Statue of Liberty
, signifying NYU's service to New York City. The torch is depicted on both the NYU seal and the more abstract NYU logo, designed in 1965 by renowned graphic designer
Tom Geismar Thomas H. Geismar (born July 15, 1931) is an United States of America, American graphic designer. Biography Thomas H. Geismar was born on July 15, 1931 in Glen Ridge, New Jersey. Geismar studied concurrently at the Rhode Island School of Desig ...
of the branding and design firm
Chermayeff & Geismar Image:ChermayeffGeismar Logos.png, Well-known logos designed by Chermayeff & Geismar & Haviv: (left to right, top to bottom) NBC, Mobil, Merck & Co., Merck, Armani#Armani Exchange, Armani Exchange, Smithsonian Institution, Public Broadcasting Servi ...
. There are at least two versions of the possible origin of the university color,
violet Violet may refer to: Common meanings * Violet (color), a spectral color with wavelengths shorter than blue * One of a list of plants known as violet, particularly: ** Viola (plant), ''Viola'' (plant), a genus of flowering plants Places United ...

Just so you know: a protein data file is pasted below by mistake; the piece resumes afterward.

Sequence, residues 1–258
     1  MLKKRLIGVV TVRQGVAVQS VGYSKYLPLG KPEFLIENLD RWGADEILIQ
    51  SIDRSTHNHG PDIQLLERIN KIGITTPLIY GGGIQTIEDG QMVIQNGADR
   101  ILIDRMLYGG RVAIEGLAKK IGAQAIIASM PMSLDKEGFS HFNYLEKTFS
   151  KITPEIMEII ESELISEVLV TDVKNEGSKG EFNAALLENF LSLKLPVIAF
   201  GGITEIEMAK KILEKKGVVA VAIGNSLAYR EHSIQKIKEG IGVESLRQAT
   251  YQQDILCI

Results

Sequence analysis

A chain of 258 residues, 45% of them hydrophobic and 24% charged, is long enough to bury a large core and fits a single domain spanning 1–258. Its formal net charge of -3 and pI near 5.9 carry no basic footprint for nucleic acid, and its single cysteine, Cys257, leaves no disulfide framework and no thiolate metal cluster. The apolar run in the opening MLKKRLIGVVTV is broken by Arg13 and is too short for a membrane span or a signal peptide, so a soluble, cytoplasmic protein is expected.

. Some believe that it may have been chosen because violets are said to have grown abundantly in Washington Square and around the buttresses of the Old University Building. Others argue that the color may have been adopted because the violet was the flower associated with
Athens , image_skyline = File:Athens Montage L.png, center, 275px, alt=Athens montage. Clicking on an image in the picture causes the browser to load the appropriate article. rect 15 15 985 460 Acropolis of Athens rect 15 475 48 ...

Athens
, the center of learning in
ancient Greece Ancient Greece ( el, Ἑλλάς, Hellás) was a civilization belonging to a period of History of Greece, Greek history from the Greek Dark Ages of the 12th–9th centuries BC to the end of Classical Antiquity, antiquity ( AD 600). This era wa ...
.


Cultural setting

and
Greenwich Village Greenwich Village ( , , ) is a neighborhood on the west side of Lower Manhattan Lower Manhattan, also known as Downtown Manhattan or Downtown New York, is the southernmost part of Manhattan Manhattan (), known regionally as the City and ...

Greenwich Village
have been hubs of cultural life in New York City since the early 19th century. Much of this culture has intersected with NYU at various points in its history.
Artist An artist is a person engaged in an activity related to creating art Art is a diverse range of (products of) human activities Humans (''Homo sapiens'') are the most populous and widespread species of primates, characterized by bipeda ...